I soon noticed there was more water on the floor than Zach and Allie could have been responsible for. It crawled all the way around the corner and down the hallway that leads to the laundry room. The rug down the hallway is drenched. I hesitantly peek in the laundry room – standing water. My heart is starting to race. I immediately shut off the washer, which apparently has been feeling the Arizona heat as much as I have – it didn’t know to say no to the water. It just kept on coming with the machine totally full and spilling forth.

As I carefully tiptoe across the slippery tile, I look into our room (which has wood floors) – water is all the way past the bed and almost to the far window. I then venture back down the hallway and see that water has also crept into one corner of the dining room (more hardwood) and is almost reaching the twins’ room. The little lip on the wood floor in the family room seems to be keeping any water from going onto the wood floor in there, although a bit has managed to cross the small hump. The wet tile in the hallways and laundry room is so slick and a couple times I do the little thing where you start to slide and feel like you slightly pull an inner thigh muscle trying to keep from falling. I decide it’s time to put on some flip flops with good tread.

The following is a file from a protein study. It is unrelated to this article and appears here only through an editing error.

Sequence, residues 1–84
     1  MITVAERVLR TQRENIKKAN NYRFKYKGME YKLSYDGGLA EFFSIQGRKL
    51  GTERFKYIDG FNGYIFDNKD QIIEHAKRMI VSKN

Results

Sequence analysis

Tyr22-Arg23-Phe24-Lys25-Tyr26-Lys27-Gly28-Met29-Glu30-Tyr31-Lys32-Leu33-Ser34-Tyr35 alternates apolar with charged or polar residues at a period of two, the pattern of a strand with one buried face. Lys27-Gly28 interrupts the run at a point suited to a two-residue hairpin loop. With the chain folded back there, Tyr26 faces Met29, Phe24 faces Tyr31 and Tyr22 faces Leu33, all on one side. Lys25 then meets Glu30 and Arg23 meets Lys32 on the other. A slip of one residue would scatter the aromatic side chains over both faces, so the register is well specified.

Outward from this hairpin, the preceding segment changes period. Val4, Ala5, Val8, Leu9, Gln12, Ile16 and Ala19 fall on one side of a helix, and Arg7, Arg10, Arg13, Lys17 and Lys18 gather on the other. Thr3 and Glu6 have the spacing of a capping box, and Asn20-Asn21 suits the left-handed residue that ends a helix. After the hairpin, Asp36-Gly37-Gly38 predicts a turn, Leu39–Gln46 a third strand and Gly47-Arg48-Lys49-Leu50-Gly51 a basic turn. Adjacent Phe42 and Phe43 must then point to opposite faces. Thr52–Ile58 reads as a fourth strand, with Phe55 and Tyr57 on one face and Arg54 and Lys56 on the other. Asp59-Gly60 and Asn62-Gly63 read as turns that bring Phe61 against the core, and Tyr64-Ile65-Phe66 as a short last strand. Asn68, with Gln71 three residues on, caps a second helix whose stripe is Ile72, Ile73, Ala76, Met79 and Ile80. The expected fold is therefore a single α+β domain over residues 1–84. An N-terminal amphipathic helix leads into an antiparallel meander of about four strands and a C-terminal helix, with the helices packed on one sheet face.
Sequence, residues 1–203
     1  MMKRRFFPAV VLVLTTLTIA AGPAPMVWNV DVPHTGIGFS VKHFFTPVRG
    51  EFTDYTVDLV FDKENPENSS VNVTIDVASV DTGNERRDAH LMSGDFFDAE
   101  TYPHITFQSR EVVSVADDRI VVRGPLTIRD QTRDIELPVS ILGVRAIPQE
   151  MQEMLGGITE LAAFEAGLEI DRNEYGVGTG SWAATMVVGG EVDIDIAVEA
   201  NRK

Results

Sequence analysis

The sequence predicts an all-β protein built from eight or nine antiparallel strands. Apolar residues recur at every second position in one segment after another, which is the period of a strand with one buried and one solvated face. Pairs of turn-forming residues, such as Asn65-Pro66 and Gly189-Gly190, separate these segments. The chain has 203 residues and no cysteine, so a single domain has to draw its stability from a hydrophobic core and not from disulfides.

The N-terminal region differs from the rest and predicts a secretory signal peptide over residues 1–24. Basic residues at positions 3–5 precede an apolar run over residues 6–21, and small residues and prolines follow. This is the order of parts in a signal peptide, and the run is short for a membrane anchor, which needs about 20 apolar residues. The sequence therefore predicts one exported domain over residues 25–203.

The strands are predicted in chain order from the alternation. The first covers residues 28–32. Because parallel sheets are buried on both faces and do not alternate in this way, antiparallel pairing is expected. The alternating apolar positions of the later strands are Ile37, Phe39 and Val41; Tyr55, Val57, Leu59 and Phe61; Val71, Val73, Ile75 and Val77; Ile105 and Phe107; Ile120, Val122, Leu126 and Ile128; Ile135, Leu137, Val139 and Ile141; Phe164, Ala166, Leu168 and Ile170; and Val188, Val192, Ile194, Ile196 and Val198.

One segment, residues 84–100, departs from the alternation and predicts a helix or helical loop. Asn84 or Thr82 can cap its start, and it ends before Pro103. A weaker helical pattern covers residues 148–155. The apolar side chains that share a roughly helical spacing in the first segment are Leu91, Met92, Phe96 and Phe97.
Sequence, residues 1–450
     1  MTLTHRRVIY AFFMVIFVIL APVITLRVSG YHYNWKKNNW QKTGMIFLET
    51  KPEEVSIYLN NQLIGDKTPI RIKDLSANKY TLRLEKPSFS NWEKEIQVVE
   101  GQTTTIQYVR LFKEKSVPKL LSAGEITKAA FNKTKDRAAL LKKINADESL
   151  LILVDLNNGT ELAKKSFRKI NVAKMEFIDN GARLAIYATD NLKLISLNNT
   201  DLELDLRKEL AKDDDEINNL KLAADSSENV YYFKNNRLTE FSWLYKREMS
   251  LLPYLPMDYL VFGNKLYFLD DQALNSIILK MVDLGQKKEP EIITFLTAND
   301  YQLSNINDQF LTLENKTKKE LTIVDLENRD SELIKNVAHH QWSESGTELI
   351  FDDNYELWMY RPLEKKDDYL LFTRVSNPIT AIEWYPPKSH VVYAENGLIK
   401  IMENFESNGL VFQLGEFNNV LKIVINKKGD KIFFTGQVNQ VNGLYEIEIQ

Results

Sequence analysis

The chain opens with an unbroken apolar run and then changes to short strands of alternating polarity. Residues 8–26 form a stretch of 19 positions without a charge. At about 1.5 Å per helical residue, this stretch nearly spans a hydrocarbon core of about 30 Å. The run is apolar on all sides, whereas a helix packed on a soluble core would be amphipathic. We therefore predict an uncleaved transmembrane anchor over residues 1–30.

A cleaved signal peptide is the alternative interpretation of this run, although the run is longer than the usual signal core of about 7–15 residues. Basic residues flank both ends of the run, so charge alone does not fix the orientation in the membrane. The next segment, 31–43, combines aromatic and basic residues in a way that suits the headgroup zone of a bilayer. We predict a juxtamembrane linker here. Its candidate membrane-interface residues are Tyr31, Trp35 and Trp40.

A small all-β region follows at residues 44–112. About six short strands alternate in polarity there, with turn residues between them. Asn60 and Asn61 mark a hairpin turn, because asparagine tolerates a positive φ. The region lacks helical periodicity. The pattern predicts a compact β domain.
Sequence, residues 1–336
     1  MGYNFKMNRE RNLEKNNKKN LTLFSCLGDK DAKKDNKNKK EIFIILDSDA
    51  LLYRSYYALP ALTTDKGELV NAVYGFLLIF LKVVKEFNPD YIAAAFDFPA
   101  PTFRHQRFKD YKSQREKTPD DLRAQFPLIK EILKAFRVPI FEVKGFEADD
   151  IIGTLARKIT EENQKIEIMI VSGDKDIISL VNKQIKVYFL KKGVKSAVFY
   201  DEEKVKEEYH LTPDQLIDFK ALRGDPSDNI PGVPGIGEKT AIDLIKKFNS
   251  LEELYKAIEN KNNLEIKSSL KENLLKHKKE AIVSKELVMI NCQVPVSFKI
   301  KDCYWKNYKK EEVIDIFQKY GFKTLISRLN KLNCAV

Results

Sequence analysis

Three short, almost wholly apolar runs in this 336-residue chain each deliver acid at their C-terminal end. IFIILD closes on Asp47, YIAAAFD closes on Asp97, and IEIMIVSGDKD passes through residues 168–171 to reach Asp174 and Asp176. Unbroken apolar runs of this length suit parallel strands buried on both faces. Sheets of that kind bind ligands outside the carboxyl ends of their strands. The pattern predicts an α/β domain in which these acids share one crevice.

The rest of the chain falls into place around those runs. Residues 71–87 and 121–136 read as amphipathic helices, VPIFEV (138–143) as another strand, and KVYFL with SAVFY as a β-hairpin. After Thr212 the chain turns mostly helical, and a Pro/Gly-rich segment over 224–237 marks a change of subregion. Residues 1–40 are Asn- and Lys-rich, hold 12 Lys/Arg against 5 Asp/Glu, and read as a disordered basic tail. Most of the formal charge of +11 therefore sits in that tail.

Next I do what any panicked woman does – I call my husband. And as any good husband does, he immediately calls our insurance company, leaves work, picks up a wet vac, rushes home, and proceeds to suck up the water without even changing his pants and leather shoes. All the while I’m trying to keep Zach and Allie in the playroom – the front room in the house that is dry. Thankfully all the rooms on the other side of the house – the kids’ rooms, their bathroom and the guest room – are also water-free. But I’m secretly wishing the carpeted bedrooms could have been waterlogged. The carpet isn’t that great and the twins’ room has the blue paint stain (another story, but I’ll give you a hint … she’s the only girl child in the family and she likes to sneak away with interesting objects while mommy’s busy doing the dishes and cleaning the kitchen).